• Understanding and Nurturing the Dual-Exceptional Learner

    By Zoe Branigan-Pipe In my role as a Teacher within a gifted program, I've encountered many students who, despite academic and social struggles, exhibit remarkable skills in Makerspaces. These environments blend the arts with STEM and foster autonomous and passion-driven learning. This phenomenon raises questions about the intersection of giftedness and learning disabilities in students. A poignant quote from a Grade 10 student captures this dichotomy: “My teachers thought I was dumb”. “I thought I was dumb.” Yet, these students, identified as highly gifted and learning disabled, or "dual exceptional," demonstrate exceptional abilities outside conventional classroom settings. The Misunderstood Nature of 2E Students This concept of dual-exceptional students is often misunderstood. As Whitmore and Maker (1985) articulate, "Intellectually gifted individuals with specific learning disabilities are the most misjudged, misunderstood, and neglected segment of the student population" (Journal of Special Education, 19(2), 204). This misunderstanding stems from the common misconception that learning disabilities correlate with lower intelligence. Universal Design for Learning (UDL) as a Solution The Universal Design for Learning (UDL) framework offers a way forward. Developed by CAST, UDL is a scientifically based approach to creating versatile educational experiences. Its principles emphasize flexible teaching methods, materials, and assessments to cater to diverse learners, including those who are 2E​​. UDL focuses on: Engagement: Motivating learners. Representation: Diversifying information presentation. Action & Expression: Varying expression methods. By applying UDL, educators can more effectively support 2E students, focusing on their strengths and providing an inclusive learning environment. Case Studies: Highlighting Hidden Potential The stories of students who thrived in creative, hands-on environments, yet were overlooked academically, underscore the need for a reevaluation of how we assess and educate 2E learners. For instance, a student initially labeled as slow in learning revealed his gifted nature only after a psycho-educational assessment. Today, he excels in robotics, a field demanding skills not traditionally emphasized in school. Another case involves a student whose school performance in English didn't reflect her exceptional ability to create award-winning speeches and presentations. This discrepancy illustrates the gap between traditional academic assessments and a student's actual capabilities and interests. The Role of Educators and Parents A flexible and creative approach in teaching and assessment is crucial for these dual exceptional students. This includes recognizing the diverse ways intelligence and creativity manifest. Educators and parents should be open to unconventional methods of evaluating and nurturing these students' abilities. Conclusion: A Call for Rethinking Gifted Education We must rethink our approach to educating gifted students, particularly those who are 2E. Giftedness encompasses more than conventional academic success; it includes a range of talents and aptitudes. By embracing UDL principles and acknowledging the unique strengths of 2E learners, we can foster more inclusive and effective educational environments. References: Whitmore, J. R., & Maker, C. J. (1985). Intellectual giftedness in disabled persons. Journal of Special Education, 19(2), 204. LD@School Article Journal Article on Homogeneous Classes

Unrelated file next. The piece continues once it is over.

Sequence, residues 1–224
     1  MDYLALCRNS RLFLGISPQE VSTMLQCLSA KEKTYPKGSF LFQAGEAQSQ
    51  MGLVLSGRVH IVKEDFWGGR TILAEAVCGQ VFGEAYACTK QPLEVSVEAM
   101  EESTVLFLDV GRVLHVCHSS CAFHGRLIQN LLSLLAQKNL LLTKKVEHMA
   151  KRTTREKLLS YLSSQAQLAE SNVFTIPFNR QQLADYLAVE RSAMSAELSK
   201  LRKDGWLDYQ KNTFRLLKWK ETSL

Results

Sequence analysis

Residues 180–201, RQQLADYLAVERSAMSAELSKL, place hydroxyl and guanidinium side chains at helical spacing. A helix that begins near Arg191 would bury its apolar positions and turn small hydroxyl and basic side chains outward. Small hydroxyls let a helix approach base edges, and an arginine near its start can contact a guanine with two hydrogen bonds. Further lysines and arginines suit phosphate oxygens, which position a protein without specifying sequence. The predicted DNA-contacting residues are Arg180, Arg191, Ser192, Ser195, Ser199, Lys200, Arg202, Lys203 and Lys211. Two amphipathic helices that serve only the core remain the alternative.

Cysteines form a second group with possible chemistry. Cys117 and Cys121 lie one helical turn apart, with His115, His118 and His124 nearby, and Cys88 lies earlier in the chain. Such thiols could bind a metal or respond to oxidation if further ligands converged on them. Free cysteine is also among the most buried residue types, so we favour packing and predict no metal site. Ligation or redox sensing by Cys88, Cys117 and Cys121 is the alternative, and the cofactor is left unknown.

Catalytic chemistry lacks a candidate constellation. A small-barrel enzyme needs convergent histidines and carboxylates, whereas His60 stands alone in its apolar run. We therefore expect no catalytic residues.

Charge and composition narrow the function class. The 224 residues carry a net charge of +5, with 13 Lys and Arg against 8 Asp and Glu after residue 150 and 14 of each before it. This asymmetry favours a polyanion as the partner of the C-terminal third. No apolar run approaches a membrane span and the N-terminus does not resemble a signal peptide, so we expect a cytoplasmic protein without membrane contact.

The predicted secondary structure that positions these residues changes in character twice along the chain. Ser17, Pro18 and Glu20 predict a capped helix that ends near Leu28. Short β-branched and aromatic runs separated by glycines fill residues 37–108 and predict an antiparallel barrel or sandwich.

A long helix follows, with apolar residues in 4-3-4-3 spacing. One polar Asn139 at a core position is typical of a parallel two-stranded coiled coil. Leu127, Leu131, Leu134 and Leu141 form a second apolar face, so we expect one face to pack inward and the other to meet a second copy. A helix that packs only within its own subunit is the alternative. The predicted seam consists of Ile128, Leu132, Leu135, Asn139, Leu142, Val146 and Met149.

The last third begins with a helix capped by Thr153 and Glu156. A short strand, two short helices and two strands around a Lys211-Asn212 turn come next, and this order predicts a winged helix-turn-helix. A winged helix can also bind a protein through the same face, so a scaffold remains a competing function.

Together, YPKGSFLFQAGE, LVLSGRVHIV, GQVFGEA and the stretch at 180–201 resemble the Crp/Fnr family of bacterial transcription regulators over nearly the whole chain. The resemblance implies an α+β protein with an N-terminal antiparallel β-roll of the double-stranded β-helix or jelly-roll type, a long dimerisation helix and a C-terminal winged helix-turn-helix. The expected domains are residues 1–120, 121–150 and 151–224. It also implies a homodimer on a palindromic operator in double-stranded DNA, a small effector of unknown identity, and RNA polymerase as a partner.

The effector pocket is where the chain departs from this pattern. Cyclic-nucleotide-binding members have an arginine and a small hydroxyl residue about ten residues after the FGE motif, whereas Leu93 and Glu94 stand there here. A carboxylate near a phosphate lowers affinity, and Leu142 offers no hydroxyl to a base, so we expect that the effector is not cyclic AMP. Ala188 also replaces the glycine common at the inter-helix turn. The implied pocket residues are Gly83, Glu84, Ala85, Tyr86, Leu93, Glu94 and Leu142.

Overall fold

• Bring the Home into the Classroom - Literally!

    Bring the Home into the Classroom - By Zoe Branigan-Pipe What is one artifact or symbol that can literally make students feel "at home" in the classroom? An artifact that can ease stress, encourage conversations,  build relationships, have no limitations of age or ability and be completely diverse in nature? A KITCHEN TABLE! In our home, The Kitchen Table is not just where we gather for meals but where we gather to talk about our day. It is the first stop when getting up in the morning, returning from a walk or coming home from work.  Where we throw down our keys, where we pile up our books and add to the week's worth of newspapers. It is where we charge our phones open our computers and play our music. It is our card table, our game table, an art centre and a sewing station.  It is where the mail gets read and sorted and where the bills get paid. The table is a space for food preparation, sorting groceries and for sharing surprise snacks.  Sometimes, the table is our refuge after a long day- a safe place to sit and gather, where we talk and plan and discuss and cry.  Our best arguments happen around the table and our best apologies follow. Sometimes, it is a place to sit together in silence reading or writing. Whatever it is and whatever time of day - it is always a safe place to be ourselves, to take risks, to be honest, to be vulnerable and to love one another. And so, in an effort to create an environment of trust, we brought the Kitchen table (literally)  into the classroom and built a kitchen around it. We created a situation -  a small space, a "feeling" where students could be vulnerable, tell stories, laugh, cry and be themselves. The following 2-minute video gives an excellent description of why we start and end our day at the Kitchen Table. Our Kitchen Philosophy We strive to connect MIND, BODY & SPIRIT by connecting what we study with  HOME. FOOD is a NEED that connects Families and develops COMMUNITIES. The development of a COMMUNITY of learners allows students to take risks, be mentors, have leadership opportunities and push the boundaries of their learning. We address the role of the family and the community in our daily lives. We value our connection to the land by creating and sharing healthy snacks and meals. We offer experiential learning opportunities. We discuss respect for the group process and the significance of balance in all aspects of our lives. When we are HOME we feel free to be ourselves! We all can LEARN & GROW together!